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How to... internal threading/grooving

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scattermaster

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#1
Hey guys,
I'm taking my 1st crack at making internal threads. This time It's about a 2" ID roughly in aluminum. I'm making a 16 TPI thread.
I will need to make a groove to give the threading tool a place to stop.
Is there a boring bar with tooling that will make those?
I don't need to go very far in (about 2.5") but in the future I think I'll want to go deeper.
??
 

Tony Wells

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#2
Good for you!

If you are asking about inserted tooling, yes groove bars are made for that and should be used to cut an angular thread exit, usually a 45°.

On the other hand, a HSS holder type bar can be used with the appropriately ground groove tool.

You may find groove bars priced seemingly high.
 

Dave Paine

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#3
As Tony stated, special grooving bars can be expensive.

The HSS boring bars with right angle bend mentioned by Tony are readily available, just need to grind the end to width of the groove.

Another option is a double ended bar which can use inexpensive 1/8in square HSS cutters. An example from Grizzly, but this style is available at many locations.

I have one of these. The only issue I have is that the cutter tends to slip. Small set screw is not able to apply a lot of pressure, so light cuts needed.

Double ended boring bar
 

P. Waller

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#5
P.H. Horn makes very versatile internal tooling for grooving, threading and form turning. Their carbide bars are excellent for grooving deep inside a bore and can groove at the bottom of a blind hole.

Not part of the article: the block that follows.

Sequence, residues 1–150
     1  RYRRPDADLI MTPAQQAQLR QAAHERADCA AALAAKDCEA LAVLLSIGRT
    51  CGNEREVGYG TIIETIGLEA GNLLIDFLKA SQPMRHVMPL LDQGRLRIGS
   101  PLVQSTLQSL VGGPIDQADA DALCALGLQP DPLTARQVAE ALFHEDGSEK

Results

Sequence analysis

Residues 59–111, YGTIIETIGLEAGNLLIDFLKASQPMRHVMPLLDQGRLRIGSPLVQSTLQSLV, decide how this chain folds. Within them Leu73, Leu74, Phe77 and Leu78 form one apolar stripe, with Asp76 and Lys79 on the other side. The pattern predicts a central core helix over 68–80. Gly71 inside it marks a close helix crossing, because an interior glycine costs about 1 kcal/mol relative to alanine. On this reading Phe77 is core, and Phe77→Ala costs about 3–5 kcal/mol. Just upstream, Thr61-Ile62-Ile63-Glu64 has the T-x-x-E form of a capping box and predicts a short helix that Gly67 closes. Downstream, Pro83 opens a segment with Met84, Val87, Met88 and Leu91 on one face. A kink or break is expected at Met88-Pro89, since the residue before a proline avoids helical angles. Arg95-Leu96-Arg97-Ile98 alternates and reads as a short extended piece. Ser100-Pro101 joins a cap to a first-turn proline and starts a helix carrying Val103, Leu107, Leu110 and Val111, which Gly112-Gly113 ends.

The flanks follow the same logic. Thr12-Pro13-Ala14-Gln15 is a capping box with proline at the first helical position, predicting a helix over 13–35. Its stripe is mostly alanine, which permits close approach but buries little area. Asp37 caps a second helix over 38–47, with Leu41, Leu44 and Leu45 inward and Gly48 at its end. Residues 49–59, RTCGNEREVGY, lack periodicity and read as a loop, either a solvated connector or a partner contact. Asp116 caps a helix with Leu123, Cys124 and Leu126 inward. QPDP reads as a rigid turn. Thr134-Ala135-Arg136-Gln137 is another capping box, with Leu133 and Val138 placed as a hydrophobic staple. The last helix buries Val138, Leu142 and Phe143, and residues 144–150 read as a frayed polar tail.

https://www.hornusa.com/horn-solutions/turning/
 

Charles Spencer

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#6
I use a high speed steel tool bit in a boring bar to cut a groove for a blind internal thread. You can make one yourself.

boring bar.jpg
 

P. Waller

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#7
Set up P.H. Horn internal groove tool this afternoon for parts that will run tomorrow.
Retaining ring grooves in a .985" bore 1 1/2" inside, this bar will go 3 1/4" deep.
internal groove tool.jpg
 

scattermaster

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#8
Well I got my groove made using a bar from my milling boring bar set. Good enough to move on.
I made some mistakes on my project but the thread fit is incredible. I can't feel any play what so ever, but it still screws on and off easily.
Now I just need to come up with a real use for my "can". IMG_1179.JPG IMG_1180.JPG IMG_1185.JPG
 

kd4gij

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#9
Nice Job. :congrats: A good use for it,, Hide spare cash in it :dollars: to use for new tools.:shhh:
 

epanzella

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#10
If there's no particular dimension required for a relief groove I just use the threading tool. I plunge it in and hand feed it back and forth about .125" to form the groove. It's quick and uses the same depth setting as the thread.
 

rock_breaker

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#11
Nice job Scattermaster, you just passed an important milestone. Follow Kd4gij's instructions for use.
Have a good day
Ray
 

scattermaster

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#12
If there's no particular dimension required for a relief groove I just use the threading tool. I plunge it in and hand feed it back and forth about .125" to form the groove. It's quick and uses the same depth setting as the thread.
hmmm, that'ed be too easy!
I never even considered doing that. I would have thought it would break the insert.
Now I gotta go back and try it out.
 

magicniner

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#13
hmmm, that'ed be too easy!
I never even considered doing that. I would have thought it would break the insert.
Now I gotta go back and try it out.
It works fine, plunge the groove first to full thread depth, then cut the thread in your chosen way.
I use Iscar's recommended cutting speeds and depths for my Cham-Groove kit.
 
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